And that man was Mark Thackeray, played beautifully by Sidney Poitier. In a performance worthy of the honor roll, Poitier is an ex-engineer living in London who took on a teaching gig and developed a contentious but rewarding relationship with his students. A surprise hit for Columbia Pictures in 1967, not to mention the harbinger of a number one hit single from Lulu (right?), To Sir, With Love looks silly and sentimental in hindsight, but Poitier’s charisma made Thackeray like a super teacher. He changed kids’ lives, turned crum-bums around, and you truly believe he had a lasting effect on these wasted youths. How often does a kid come home bemoaning what a bore their teacher is? Not so with Thackeray. He made teachers look like stars.
Stand and Deliver (1988)
11 a.m.: Calculus
The Teacher: Jaime Escalante (Edward James Olmos)
Just a quick realization: The strongest teacher movies are almost all specifically about one person’s struggle to reach kids in an often urban setting, aren’t they? And they’re usually inspired by, if not based on, true stories.
And here’s another one.
(readers start shooting paper spitballs)
Stand and Deliver depicts the tough teachings of Bolivian teacher Jaime Escalante when he worked at Garfield High School in East L.A. in the ‘70s and ‘80s. Edward James Olmos gave an Oscar-nominated performance as Escalante, and he somehow made the extremely boring notion of taking an AP Calculus class, look, well, worthwhile. You can’t help but root for the guy willing to teach hard math in a hard place.
Kindergarten Cop (1990)
Noon: Phys Ed. a.k.a. Discipline.
The Teacher: Det. John Kimball (Arnold Schwarzenegger)
Forget public school lunches; we need to get fit.
Remember those PSAs Arnie would do in the early to mid ‘90s? Those commercials before his action movies, where he’d espouse the wisdom of keeping fit, staying in shape, not being a girly man or whatever? Zazzle ‘90s neon colors, Arnold narrates, points at the camera, then, pop — a logo for the President’s Council on Fitness next to “Fitness Is Feeling Great.” It was corny, you know, but well-intentioned.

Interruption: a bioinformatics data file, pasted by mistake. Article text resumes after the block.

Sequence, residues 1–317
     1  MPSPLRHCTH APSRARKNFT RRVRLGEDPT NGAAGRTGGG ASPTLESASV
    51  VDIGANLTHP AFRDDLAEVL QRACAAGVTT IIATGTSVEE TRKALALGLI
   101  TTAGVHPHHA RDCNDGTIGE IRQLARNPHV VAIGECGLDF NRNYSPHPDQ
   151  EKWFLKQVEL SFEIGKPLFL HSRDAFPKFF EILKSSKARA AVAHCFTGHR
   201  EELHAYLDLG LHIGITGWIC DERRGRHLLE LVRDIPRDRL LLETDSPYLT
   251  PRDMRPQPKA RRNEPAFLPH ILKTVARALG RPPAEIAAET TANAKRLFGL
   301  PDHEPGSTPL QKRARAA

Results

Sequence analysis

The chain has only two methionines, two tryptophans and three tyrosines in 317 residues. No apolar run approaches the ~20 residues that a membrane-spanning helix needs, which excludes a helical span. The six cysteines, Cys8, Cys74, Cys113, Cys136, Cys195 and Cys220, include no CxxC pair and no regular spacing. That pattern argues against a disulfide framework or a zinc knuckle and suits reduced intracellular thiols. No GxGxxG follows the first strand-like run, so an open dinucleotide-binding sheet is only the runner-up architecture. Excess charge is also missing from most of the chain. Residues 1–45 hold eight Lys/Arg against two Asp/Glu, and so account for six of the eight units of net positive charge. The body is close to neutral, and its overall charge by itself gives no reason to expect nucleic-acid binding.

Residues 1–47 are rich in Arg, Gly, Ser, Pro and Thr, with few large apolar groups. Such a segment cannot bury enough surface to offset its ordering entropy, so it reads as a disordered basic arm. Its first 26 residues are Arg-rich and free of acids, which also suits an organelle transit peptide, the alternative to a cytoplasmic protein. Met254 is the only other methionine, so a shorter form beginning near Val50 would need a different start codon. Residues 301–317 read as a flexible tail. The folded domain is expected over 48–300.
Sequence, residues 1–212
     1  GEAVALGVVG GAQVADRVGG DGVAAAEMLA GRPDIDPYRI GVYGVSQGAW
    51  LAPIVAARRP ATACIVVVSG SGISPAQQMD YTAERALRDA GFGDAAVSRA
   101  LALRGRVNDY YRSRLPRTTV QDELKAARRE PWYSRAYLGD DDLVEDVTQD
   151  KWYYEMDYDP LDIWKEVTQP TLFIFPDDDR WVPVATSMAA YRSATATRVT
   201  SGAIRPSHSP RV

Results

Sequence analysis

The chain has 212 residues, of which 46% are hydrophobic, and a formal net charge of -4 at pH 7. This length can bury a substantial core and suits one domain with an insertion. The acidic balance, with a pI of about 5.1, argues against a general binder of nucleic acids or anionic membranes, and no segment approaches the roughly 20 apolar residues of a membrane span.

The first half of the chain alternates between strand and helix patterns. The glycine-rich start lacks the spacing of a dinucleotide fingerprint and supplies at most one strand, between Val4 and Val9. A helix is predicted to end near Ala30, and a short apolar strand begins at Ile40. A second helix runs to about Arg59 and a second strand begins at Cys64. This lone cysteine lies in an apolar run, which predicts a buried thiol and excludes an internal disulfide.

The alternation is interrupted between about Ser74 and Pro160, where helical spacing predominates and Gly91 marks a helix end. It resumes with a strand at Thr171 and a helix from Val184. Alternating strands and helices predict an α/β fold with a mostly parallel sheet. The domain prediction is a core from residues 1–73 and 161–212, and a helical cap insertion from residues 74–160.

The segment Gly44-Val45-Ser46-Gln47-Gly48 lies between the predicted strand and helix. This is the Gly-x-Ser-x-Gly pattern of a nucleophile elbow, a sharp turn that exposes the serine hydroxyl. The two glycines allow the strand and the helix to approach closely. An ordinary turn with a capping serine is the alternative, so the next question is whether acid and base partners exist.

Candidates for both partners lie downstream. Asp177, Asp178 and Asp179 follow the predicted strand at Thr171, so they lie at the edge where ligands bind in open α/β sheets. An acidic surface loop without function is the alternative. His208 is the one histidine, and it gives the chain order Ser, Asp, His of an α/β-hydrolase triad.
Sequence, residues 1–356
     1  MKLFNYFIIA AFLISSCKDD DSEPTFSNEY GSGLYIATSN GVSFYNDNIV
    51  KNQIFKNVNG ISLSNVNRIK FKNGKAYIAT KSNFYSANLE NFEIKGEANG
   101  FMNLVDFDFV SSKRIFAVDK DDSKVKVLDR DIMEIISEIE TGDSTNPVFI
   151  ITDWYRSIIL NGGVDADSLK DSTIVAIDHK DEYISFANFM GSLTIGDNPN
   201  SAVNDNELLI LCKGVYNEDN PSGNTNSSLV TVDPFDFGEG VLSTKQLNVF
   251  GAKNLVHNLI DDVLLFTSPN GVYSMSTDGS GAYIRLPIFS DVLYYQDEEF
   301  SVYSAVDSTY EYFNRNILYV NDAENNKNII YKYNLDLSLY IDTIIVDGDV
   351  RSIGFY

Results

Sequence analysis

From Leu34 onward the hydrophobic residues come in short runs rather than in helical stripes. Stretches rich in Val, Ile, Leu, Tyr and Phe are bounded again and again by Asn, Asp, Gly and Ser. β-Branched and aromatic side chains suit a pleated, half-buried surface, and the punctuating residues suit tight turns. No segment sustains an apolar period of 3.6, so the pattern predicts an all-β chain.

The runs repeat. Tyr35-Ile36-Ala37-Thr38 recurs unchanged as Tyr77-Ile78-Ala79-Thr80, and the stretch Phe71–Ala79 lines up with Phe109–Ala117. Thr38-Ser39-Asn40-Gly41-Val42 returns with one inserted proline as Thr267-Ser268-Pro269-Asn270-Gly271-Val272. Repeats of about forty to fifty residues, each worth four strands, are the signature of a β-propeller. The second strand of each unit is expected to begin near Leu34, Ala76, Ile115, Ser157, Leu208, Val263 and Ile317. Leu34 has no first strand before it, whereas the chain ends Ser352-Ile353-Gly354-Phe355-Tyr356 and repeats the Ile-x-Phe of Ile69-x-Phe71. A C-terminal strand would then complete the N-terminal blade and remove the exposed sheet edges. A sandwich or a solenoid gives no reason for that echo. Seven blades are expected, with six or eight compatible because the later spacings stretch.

Anyways, they made a movie out of those ads, apparently. Yeah, it was called Kindergarten Cop, and Schwarzenegger got to preach his ideas about a pure race of Austrian super men built out of rippling pectorals and Aryan pureblood.
Okay, that’s not entirely true. Kindergarten Cop was a cutesy demystification of the Schwarzenegger tough-guy persona where, you guessed it, he shouted at kids with a whistle. The movie’s kind of an F, but it is health positive, and nothing beats watching Arnie go completely apeshit because six-year-olds are six-year-olds. It was a star vehicle of a cheap variety, but the sheer physical comedy of it all has helped the film keep a passing grade with audiences over the years. Now, we better get to marching before Drill Master Kimball gets back.
Dangerous Minds (1995)
1 p.m.: Basic Economics
The Teacher: Louanne Johnson (Michelle Pfeiffer)
Okay, sit down, Coolio. You’ll get your turn.
Pfeiffer was another tough teacher in the hood and an ex-Marine to boot (she should have hung with Glenn Ford). But she taught kids the most important lesson of all: “Learning is the prize.” Sometimes, a teacher just needs to spell it out for kids, and Pfeiffer’s Johnson spoke in old-fashioned platitudes that still need to be said. You forget that when teachers are pulling out pop quizzes and hasty due dates.
Still, do you want to be quoted saying “children is our future” someday?
Thought not. Education is the finest capital a person can earn, and Pfeiffer was sincere in telegraphing that. So get to Miss Johnson’s class, now! And stock up on that sweet, sweet, knowledge that she talks about!
Did you know this was originally titled “My Posse Don’t Do Homework”? The title of the original novel Dangerous Minds was based on? Jerry Bruckheimer, for once in your life you did something good. Well, that and The Rock. And Beverly Hills Cop. Alright, now we’re just grade inflating.
High School High (1996)
2 p.m.: American Culture
The Teacher: Richard Clark (Jon Lovitz)
Yeah, this was a spoof of Dangerous Minds, but it brought the giggles to the hood. And it took Lovitz’s nebbish Clark out of his comfort zone as he made a bond, albeit a silly and sight-gag-heavy bond, with impoverished students. High School High was all about cultures clashing and immersing oneself in other places and people. Richard Clark pretends to try heroin, guys! He made it through his first year in South Central teaching at Marion Barry High (one of the meanest, funniest visual cues in a movie in the last 20 years has to be that statue holding a bong). He took D-average students and got some of them to graduate! Like, five of them! In short, Richard Clark, we salute your talents, your commitment, and your bare ass. You gave everything to those kids.